15th June 2017. As far as seasons go, spring is one of the best ones for running. Unfortunately, it doesn't last forever. When the spring starts to turn into the summer, runners need to take note. With hotter temperatures, the changing conditions demand a change in your habits, too. Summer is also the time when we most often go on holiday ? so how will you stick to your usual running habits when you go away from home? It's not all about challenges, though; the summer brings some good news for runners, too. Tired of going on your daily run in the dark, or not having enough daylight at the end of the day? The lengthening days of summer will help with that. How should you prepare your body to face the challenges of summer running? From acclimatising to planning around potential disruptions to your schedule, there are many things you can try. You'll also want to take the time to learn about the heat index and how to work around the weather. Grab your water bottle, it's time to get ready for the year's next big set of seasonal challenges. Before you know it, the crisp air of autumn will be here again.

Beat the heat: how to handle the hotter weather

How can you adjust yourself to the warm weather? When you notice the temperatures start to rise, it's hard to do more than continue with your usual pattern. It's only when the thermometer consistently registers higher temperatures that you need to think carefully. Once summer arrives in full and it becomes difficult to run at your usual effort, pick a day to begin your conditioning. Perform your normal run on this day, but do so at about 75% of your usual effort level. Go lower if it helps you feel more comfortable. Then, over the next one to two weeks, slowly ramp back up to your usual pace. The slow change inherent in this strategy will let your body adjust to the heat. You'll need the time to adjust. When the humidity is high, and sweat won't evaporate, the feeling alone can make you want to quit. Speaking of sweat, it's a no-brainer that you'll dehydrate much more rapidly in this weather. Try to drink small quantities of water throughout the day. As always, stay away from sugary drinks. When it is extremely hot out, you should bring water along on your run, too. It's easier to keep your thirst quenched, and you can avoid the problematic symptoms of dehydration. When possible, choose routes that have more shade and keep you out of direct sunlight. Careful route choices can make the heat more bearable.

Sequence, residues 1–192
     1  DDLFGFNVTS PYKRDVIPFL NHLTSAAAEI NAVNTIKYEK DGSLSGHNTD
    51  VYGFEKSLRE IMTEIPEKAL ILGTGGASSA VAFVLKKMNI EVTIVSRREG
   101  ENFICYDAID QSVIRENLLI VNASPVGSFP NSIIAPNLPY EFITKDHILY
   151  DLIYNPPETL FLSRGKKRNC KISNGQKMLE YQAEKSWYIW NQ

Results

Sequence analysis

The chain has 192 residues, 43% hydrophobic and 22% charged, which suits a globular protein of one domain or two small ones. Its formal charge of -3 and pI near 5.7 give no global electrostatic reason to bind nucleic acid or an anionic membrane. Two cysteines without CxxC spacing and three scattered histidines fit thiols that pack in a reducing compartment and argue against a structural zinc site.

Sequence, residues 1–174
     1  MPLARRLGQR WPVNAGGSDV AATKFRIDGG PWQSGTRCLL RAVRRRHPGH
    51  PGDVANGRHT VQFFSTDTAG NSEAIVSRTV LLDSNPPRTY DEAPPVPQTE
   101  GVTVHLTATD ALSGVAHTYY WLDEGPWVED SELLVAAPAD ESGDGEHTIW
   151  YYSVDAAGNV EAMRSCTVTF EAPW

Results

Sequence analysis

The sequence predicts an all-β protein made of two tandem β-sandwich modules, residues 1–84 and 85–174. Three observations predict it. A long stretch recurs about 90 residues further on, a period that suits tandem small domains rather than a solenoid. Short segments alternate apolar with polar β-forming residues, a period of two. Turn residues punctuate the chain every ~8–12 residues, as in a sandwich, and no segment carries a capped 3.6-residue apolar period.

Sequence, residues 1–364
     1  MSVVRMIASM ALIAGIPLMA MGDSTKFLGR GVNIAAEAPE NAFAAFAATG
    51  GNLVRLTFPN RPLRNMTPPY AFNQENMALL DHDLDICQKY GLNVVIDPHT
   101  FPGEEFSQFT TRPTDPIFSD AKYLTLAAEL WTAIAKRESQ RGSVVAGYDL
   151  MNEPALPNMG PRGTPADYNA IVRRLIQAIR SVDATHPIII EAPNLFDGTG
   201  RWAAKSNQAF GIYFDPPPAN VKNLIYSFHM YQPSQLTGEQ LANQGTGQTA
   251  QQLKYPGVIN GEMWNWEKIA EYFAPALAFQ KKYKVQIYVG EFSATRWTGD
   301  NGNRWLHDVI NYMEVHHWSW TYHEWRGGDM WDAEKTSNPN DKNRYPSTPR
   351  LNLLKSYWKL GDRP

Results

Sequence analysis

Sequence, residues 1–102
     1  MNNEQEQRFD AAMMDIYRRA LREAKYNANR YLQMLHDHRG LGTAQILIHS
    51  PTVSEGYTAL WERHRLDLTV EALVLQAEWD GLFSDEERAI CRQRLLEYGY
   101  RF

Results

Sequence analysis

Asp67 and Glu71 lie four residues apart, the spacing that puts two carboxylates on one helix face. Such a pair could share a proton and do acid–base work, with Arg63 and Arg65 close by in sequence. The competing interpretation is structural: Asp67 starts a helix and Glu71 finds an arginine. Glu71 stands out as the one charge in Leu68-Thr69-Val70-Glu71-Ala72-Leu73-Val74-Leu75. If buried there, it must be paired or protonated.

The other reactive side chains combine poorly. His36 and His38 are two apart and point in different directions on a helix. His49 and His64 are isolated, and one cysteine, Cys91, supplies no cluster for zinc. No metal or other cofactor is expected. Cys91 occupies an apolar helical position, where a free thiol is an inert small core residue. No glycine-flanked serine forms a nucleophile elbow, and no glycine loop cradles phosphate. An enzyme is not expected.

Going on holiday? You don't have to stop running

What about the times when you're away from home? When we finally have a week or two in the summer to escape from the daily grind, we often travel. That means unfamiliar territory away from your usual running routes ? and not much desire to take time away from relaxing, either. Who says that running on holiday can't be fun? Consider using a running app or searching online for popular routes or trails local to the area you'll visit. Stick to safe, populated areas where there will be plenty of other people but not too much traffic. Try going out for a run early in the morning. That way, you can hop in the shower to start your day when you return. What if that isn't an option? Many hotels offer exercise rooms free for use by their visitors. Hopping on the treadmill for thirty minutes to an hour in the morning or evening is a fine way to stay active. It's easier to beat the heat on a treadmill, too. Though it doesn't offer all the same advantages of outdoor running, it's a good substitute for those on holiday. What's important is sticking with your plan. Otherwise, when you return home, you'll find it is much harder to return to running in the heat.

Making the most of longer summer days